Create trust and reassurance for Compare the Market

Generated millions in revenue

Strategic qualitative study

product marketing Design and copywriting

Designed multivariate tests


Compare the market knew through analysing their purchasing funnel where users were churning out of the purchasing flow. So they asked us, “Why and how do customers made decisions about insurance, and what were the attitudes toward the purchasing process?” I hypothesized that by explaining the product offering more clearly, users would be reassured as they progressed through their journey to purchase, thus increasing sales and clickthrough rates for car and home insurance policies.

Compare the market wanted to work quickly, and they were keen for us to test our hypotheses with real users, live, on their site.

At the onset of the project I conducted stakeholder interviews and user interviews asking various questions about the overall experience of buying car or home insurance, and how customers felt generally about using comparison websites and comparative products to make big purchase decisions. The goal was to discover the main influences on decision-making behaviours generally. Then we had customers share how they found their insurance policy before purchasing. I shaped a hypothesis based on investigative research, and interpret that into a series of testable design solutions.


From findings to solutions


From the homepage to the end of the journey, we needed to reassure users enough along the way so that when it was time to make the decision to buy, they would feel better about doing so. By interpreting feedback from users, we knew just where to target: key places in the flow where users felt unsure, frustrated, uneasy, or overwhelmed.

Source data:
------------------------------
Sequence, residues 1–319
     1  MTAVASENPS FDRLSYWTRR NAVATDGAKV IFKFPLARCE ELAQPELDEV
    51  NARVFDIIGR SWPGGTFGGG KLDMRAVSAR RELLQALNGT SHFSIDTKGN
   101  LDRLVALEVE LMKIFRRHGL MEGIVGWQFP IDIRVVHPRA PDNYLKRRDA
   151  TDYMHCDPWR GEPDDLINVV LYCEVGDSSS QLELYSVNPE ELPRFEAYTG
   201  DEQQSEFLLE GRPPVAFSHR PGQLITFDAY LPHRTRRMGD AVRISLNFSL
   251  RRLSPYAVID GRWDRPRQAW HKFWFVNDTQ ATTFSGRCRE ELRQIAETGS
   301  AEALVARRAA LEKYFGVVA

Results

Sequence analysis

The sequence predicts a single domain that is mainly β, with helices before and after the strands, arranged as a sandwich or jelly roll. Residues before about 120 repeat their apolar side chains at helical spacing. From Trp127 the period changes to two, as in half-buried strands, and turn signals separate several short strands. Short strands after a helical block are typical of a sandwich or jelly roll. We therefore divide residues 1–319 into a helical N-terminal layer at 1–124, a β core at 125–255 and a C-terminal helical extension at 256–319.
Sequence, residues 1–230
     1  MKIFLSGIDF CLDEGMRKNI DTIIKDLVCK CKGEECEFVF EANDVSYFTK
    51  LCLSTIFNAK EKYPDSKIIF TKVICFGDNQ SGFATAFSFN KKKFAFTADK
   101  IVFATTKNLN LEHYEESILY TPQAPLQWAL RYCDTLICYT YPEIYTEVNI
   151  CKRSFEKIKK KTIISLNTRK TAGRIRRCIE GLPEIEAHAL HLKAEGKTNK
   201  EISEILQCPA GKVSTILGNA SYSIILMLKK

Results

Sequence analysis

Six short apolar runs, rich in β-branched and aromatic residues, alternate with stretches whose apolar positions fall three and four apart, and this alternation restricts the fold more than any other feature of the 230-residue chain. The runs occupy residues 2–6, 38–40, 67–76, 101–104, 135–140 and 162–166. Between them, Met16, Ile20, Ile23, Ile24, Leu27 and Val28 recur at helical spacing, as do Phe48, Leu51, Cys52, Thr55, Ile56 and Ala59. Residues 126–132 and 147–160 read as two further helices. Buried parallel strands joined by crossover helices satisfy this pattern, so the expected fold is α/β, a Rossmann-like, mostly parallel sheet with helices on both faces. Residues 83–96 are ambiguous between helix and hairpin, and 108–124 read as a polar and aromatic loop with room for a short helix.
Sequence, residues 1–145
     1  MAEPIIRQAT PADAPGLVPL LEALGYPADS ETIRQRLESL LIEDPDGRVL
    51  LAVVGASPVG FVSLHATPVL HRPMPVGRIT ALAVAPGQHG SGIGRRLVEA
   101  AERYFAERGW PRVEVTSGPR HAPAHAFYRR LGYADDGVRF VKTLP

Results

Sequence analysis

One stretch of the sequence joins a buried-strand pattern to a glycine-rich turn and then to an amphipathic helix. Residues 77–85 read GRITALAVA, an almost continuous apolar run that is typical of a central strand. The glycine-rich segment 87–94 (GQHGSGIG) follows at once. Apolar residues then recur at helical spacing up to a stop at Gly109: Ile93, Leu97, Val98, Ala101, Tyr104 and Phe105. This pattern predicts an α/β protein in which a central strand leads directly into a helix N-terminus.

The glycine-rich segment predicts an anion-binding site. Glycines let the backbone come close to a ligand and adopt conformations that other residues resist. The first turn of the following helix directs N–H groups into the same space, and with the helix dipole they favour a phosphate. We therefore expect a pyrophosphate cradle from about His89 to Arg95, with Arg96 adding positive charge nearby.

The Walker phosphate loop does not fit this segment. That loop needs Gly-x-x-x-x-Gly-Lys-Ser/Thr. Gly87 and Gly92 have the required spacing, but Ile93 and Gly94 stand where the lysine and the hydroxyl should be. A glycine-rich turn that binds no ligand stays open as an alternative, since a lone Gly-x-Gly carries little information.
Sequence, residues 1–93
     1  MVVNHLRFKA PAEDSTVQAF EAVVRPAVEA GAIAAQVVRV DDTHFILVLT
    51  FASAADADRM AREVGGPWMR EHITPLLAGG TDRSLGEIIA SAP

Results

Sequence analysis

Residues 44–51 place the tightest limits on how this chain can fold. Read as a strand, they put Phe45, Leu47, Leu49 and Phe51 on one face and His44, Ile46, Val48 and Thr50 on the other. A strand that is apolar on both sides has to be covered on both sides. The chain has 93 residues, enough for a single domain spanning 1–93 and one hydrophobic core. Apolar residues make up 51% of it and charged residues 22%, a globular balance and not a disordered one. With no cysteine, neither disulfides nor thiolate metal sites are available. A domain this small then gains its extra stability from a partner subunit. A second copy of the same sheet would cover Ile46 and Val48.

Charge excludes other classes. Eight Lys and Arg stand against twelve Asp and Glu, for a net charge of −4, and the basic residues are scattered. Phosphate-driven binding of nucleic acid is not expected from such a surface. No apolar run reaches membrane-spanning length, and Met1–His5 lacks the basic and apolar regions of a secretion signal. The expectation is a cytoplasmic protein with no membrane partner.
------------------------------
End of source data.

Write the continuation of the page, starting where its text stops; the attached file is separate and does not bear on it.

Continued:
“The Research showed where to target—key places in the flow where users felt unsure, frustrated, uneasy, or overwhelmed.”


Existing design to a design variant

I learned some of the limitations of multivariate testing in determining product strategy, as product hypotheses are not always fully encapsulated in a single variant. To craft a useful test, you need to limit the number of variants and really design a test so the team can be sure why it succeeds or fails. In this case the only feedback we got was that the variants we’d designed and deployed had almost all produced positive results, and that we had generated millions in revenue for the insurance comparison giant.

My only real regret is not somehow taking home a life-size meerkat of my own.

Meg Porter